Smart and connected thermostats both provide different opportunities for manufacturers

Smart and connected thermostats both provide different opportunities for manufacturers

Manufacturers are bringing Web-connected smart thermostats to the market, to compete with the Nest Learning Thermostat Consumers might need to upgrade their thermostats every couple years, to make sure they are taking advantage of new technology Service providers and manufacturers in the smart home market are offering connected thermostats in their solutions Customers who rely on multiple service operator (MSOs) for their smart home solution only need a technician to come out and upgrade their systems

Many thermostat manufacturers are bringing Web-connected smart thermostats to the market, to compete with the Nest Learning Thermostat. Multi-service operators (MSOs), home security monitoring services and other smart home device manufacturers are taking a different approach -- using connected thermostats as part of a wider smart-home system.

The end-user benefit of having a smart thermostat is that the product makes decisions about heating and cooling, based on actual environmental factors. The smart thermostats currently in the market use presence-sensing and algorithms to determine a person’s location, in order to adjust the thermostat accordingly. As with all high-tech devices, these features are continually updated and improved. While algorithms could be easily upgraded with automatic software updates over the internet, adding an environmental sensor requires the replacement of the entire thermostat. As with smartphones, consumers might need to upgrade their thermostats every couple years, to make sure they are taking advantage of new technology; however, many end-users might not want to spend the money to do so.

While connected thermostats lack the decision-making capability of smart thermostats, they can still be connected to the Internet and communicate with smart home systems. That’s why service providers and manufacturers in the smart home market are offering connected thermostats in their solutions. They are also using the intelligence installed around the thermostats, to help end-users save money. For example, a smart home hub could gather presence information from the security system, determine that no one is home and turn off the air conditioner on its own.

With this type of setup, smart home technology can be easily expanded to take advantage of new features. Consumers who build their own smart home solution can purchase a hub, a connected thermostat and any inputs the system currently supports. As the software inside the hub is upgraded to take advantage of new innovations and sensors, consumers can expand their systems.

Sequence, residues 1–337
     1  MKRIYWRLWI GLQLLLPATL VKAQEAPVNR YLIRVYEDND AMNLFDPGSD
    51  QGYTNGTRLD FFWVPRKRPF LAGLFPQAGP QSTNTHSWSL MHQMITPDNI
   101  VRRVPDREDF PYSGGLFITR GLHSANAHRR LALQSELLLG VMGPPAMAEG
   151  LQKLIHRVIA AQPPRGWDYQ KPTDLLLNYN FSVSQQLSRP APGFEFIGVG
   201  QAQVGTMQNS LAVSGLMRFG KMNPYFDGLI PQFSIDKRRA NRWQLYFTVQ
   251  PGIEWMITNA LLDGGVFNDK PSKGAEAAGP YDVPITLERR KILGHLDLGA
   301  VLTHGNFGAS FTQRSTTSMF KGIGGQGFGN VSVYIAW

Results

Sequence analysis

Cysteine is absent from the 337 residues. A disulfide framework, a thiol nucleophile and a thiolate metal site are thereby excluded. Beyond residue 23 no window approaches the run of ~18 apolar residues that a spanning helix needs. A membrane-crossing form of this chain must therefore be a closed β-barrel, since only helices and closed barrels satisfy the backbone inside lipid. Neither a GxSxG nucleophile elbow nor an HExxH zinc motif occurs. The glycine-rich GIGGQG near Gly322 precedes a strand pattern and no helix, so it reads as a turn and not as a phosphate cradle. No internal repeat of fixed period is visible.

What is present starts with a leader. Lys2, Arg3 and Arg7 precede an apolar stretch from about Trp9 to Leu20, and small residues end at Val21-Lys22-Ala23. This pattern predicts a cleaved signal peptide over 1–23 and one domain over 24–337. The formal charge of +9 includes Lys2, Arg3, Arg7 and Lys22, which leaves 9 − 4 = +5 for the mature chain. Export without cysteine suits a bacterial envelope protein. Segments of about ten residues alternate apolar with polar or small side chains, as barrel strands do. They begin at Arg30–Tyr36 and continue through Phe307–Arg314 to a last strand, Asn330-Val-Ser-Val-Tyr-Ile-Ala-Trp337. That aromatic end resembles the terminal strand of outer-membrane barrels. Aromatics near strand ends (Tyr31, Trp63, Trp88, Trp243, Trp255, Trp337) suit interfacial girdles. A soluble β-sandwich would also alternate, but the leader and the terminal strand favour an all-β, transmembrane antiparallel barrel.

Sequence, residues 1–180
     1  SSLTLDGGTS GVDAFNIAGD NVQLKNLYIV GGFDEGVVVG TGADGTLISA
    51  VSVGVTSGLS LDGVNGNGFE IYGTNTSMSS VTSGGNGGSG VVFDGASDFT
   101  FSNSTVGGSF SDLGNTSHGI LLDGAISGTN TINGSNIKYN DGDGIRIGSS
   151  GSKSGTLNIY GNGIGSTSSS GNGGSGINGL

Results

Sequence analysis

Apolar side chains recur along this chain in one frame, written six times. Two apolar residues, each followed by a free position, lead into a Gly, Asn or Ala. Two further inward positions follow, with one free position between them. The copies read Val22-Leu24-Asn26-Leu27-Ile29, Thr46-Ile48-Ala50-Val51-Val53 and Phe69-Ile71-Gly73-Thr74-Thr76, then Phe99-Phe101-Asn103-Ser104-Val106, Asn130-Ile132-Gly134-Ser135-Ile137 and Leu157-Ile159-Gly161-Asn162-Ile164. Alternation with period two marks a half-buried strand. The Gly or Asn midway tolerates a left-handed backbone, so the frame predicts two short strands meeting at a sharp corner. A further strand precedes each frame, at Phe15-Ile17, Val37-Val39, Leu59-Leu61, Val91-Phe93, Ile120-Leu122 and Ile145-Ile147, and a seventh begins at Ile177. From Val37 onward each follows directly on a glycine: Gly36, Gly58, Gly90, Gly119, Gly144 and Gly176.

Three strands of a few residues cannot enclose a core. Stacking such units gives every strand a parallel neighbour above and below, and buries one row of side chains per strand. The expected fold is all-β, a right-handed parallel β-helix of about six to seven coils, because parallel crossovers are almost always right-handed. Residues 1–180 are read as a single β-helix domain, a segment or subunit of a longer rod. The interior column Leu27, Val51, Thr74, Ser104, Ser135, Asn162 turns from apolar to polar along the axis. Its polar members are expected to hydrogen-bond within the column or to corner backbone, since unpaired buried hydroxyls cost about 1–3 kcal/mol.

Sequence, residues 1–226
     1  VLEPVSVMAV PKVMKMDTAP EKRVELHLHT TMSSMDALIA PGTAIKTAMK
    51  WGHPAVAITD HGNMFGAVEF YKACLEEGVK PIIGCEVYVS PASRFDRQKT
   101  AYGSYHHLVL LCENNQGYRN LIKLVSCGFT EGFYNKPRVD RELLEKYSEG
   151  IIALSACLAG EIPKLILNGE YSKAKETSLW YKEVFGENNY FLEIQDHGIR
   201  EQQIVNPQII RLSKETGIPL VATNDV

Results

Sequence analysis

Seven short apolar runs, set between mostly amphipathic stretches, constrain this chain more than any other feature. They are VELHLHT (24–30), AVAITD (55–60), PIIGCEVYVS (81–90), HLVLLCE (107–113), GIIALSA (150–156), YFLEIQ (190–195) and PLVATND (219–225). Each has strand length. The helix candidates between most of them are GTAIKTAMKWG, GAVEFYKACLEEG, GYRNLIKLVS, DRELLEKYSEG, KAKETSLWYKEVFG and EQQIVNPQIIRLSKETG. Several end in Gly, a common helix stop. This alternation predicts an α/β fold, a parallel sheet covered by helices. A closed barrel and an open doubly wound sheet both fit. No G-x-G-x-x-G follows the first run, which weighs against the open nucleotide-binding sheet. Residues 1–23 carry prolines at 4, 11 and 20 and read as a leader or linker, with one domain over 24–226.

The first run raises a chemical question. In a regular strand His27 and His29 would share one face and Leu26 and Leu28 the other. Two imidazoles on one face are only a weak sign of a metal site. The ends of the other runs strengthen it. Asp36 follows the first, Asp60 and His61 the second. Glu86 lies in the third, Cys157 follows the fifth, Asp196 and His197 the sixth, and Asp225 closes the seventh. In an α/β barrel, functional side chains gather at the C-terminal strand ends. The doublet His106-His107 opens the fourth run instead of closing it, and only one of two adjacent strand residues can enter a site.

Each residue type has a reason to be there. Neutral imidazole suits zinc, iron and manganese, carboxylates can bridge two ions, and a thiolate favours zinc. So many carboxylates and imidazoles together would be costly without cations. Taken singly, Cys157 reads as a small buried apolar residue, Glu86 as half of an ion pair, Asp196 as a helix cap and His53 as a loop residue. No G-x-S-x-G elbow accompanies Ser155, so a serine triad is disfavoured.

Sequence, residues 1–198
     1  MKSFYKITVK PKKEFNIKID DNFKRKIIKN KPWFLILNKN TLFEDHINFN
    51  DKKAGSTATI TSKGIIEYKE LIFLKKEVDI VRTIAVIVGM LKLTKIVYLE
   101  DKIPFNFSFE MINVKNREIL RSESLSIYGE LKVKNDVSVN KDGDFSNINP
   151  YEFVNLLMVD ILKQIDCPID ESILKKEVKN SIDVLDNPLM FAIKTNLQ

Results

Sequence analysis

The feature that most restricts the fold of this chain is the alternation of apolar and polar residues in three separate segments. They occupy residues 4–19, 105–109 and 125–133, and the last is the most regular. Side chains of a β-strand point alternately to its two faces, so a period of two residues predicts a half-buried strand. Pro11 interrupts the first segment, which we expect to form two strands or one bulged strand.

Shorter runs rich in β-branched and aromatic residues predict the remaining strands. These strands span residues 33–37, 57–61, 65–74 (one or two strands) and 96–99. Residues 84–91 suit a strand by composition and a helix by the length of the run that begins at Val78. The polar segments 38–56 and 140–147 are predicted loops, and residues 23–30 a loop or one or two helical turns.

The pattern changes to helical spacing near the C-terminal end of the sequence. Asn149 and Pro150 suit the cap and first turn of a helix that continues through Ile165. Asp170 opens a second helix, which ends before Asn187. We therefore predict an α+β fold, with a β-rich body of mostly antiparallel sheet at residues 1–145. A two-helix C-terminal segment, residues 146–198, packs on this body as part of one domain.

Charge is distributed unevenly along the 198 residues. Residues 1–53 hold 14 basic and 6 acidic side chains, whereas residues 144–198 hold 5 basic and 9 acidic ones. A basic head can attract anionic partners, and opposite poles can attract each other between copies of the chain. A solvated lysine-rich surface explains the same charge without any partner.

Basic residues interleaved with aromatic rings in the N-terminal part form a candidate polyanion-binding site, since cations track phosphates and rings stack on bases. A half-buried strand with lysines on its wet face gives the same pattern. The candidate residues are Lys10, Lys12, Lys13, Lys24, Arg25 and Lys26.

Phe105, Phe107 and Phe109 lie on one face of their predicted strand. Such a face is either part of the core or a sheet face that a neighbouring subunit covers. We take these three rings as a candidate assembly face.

For example, instead of spending $300 for a new thermostat with sensing technology, someone with a smart home system could add a feature and install it into their system, just by purchasing a new sensor for $50. Customers who rely on multiple service operator (MSOs) for their smart home solution only need a technician to come out and upgrade their systems. These smart home solutions do sacrifice simplicity to make gains in upgradability, however. For many end-users, the all-in-one smart-thermostat package is much easier to use and understand.

According to the IHS Thermostats Report, unit sales of connected thermostats in North America will grow at a compound annual growth rate (CAGR) of 22 percent through 2019, while smart thermostats are forecast to grow at a CAGR of 25 percent. While both types of thermostats are enjoying solid growth, manufacturers of the devices must keep their target end-users in mind, to support successful marketing efforts. Those targeting tech-savvy individuals might be better off focusing marketing efforts on connected thermostats, while those going after the less tech-savvy end-users might want to focus their attention on smart thermostats.

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TAGS: Technology
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